Fresh calls for riders to report dangerous driving as police take action *H&H Plus*

  • H&H speaks to police from around the UK to find out how different forces are tackling issues associated with inappropriate driving when passing horses on the roads...

    Action is being taken by police forces against drivers who pass horses inappropriately – but riders have been reminded that incidents must be reported to the appropriate authorities for this to happen.

    Measures taken by forces across the UK include education courses, traffic notices, letters, and prosecution of drivers who break the law.

    Police in Aberdeenshire reported a driver to prosecutors, who will decide whether there is a case to answer, following reports of dangerous driving in an incident with a rider on 1 July. In County Durham a man was issued a traffic 183 notice for deliberately driving at riders on 14 July.

    This notice means that should the recipient be seen driving in an antisocial manner again, his vehicle can be seized.

    “It doesn’t matter if he is driving the same vehicle, or a different one – if he is caught doing the same thing we can seize whatever car he is driving,” a Durham Constabulary spokesman told H&H.

    “It also means if we catch that same car being driven in an antisocial manner again, it doesn’t matter if somebody else is driving, we can seize the vehicle.”

    Avon and Somerset Police investigated an incident where a driver got out of his vehicle and verbally abused a rider. The driver must now take part in the force’s Ascend programme, an education and anger management course, which he must pay to do. Costs for the programme vary between £60 to £100.

    “Provided the driver completes the course that’s the end of the matter, but if he doesn’t, or it’s not done satisfactorily, then the matter gets sent to court and the ramifications of that can be quite far-reaching,” PC Simon Robinson told H&H.

    “There are many variables in the cases we deal with; it depends on the evidence, the individual’s previous history and if they’ve committed offences which take them above the threshold for the education programme.”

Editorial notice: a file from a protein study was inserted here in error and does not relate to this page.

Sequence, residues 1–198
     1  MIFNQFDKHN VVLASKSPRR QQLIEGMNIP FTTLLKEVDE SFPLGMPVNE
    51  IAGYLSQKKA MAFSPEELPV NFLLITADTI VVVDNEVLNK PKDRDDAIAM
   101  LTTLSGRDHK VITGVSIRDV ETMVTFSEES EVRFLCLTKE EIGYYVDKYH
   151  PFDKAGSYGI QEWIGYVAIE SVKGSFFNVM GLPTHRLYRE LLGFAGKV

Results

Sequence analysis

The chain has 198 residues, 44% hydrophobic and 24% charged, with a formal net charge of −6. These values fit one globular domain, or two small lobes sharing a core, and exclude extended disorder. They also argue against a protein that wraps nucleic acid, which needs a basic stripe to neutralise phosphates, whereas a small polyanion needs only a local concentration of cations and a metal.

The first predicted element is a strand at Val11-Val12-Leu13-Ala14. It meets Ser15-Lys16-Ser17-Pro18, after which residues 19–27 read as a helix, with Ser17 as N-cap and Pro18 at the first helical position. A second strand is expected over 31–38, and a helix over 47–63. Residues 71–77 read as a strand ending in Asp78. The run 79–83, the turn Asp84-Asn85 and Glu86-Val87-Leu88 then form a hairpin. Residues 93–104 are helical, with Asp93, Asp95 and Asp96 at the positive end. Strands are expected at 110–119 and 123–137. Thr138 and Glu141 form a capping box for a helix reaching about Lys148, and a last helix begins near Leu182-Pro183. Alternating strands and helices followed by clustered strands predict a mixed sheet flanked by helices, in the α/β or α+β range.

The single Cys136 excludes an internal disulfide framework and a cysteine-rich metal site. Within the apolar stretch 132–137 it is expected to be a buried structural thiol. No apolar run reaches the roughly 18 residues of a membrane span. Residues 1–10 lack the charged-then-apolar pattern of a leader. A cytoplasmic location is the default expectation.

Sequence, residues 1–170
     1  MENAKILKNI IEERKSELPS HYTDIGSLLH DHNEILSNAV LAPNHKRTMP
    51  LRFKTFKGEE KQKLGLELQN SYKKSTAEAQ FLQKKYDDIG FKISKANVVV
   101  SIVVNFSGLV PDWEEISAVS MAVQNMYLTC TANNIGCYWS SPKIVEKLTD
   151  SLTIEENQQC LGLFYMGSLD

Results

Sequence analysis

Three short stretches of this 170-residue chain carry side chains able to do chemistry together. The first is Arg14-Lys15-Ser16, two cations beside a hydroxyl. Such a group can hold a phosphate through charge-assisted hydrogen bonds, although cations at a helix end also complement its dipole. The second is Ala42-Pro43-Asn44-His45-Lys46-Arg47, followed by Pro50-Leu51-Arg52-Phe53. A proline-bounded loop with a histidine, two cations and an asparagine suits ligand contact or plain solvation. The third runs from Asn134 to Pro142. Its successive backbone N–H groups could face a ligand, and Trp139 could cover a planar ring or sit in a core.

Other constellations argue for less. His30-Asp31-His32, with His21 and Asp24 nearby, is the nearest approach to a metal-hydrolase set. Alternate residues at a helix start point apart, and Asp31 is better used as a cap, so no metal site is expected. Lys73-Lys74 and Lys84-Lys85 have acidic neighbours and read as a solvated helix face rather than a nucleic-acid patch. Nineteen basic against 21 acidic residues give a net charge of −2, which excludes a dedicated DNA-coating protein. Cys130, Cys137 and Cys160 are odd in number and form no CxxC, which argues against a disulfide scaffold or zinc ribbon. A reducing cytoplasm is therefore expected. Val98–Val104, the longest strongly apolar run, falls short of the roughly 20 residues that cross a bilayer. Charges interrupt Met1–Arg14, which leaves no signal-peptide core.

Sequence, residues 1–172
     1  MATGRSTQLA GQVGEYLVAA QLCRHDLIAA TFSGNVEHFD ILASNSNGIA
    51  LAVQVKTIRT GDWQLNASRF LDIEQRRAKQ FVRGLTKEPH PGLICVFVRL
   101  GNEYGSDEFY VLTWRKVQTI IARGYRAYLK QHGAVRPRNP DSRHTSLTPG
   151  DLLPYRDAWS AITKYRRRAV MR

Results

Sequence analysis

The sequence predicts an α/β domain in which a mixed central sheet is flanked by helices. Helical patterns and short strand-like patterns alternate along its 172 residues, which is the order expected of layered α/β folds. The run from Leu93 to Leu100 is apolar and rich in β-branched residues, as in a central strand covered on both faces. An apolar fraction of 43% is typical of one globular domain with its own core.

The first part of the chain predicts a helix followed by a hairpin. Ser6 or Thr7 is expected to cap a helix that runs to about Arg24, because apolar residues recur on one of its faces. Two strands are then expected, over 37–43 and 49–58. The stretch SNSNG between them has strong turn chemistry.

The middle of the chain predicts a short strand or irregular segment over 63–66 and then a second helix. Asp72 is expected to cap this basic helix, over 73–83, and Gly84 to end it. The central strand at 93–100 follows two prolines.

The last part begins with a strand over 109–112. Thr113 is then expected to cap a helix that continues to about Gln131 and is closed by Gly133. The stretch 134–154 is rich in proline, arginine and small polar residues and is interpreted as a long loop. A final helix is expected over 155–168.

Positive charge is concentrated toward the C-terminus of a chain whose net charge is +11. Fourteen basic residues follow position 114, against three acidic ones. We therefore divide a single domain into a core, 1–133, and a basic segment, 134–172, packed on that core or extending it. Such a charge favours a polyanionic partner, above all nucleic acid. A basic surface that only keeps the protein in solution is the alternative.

PC Robinson added that riders must report incidents.

    “Riders shouldn’t feel they can’t report because previously the police haven’t done anything, or they’ve felt fobbed off with a crime reference number. There are things we can do and the more people bring it the forefront the more we can tackle it and hopefully reduce incidents,” he said.

    PC Laura Rowley of Surrey Police told H&H it is difficult to prosecute without evidence, and encouraged riders to wear cameras. She added that different forces have different protocols and processes for dealing with incidents.

    “The difficulty with speeding is that a device has to be calibrated [to record speed], so we can’t really deal with speed offences – but with passing too closely we have careless driving, and with evidence, there would be a potential investigation. Depending on the severity, we can send the driver a letter and warn them if they come up again we will deal with them more robustly,” she said.

    “Often it only takes one letter to make drivers understand; it makes people think ‘I’ll get in trouble if I do that so I won’t do it.’”

    The British Horse Society’s director of safety Alan Hiscox told H&H the organisation has been working with many police forces on road safety.

    “It is significant and encouraging so many police units want to educate drivers with our ‘Dead Slow’ message together with their own education materials,” he said.

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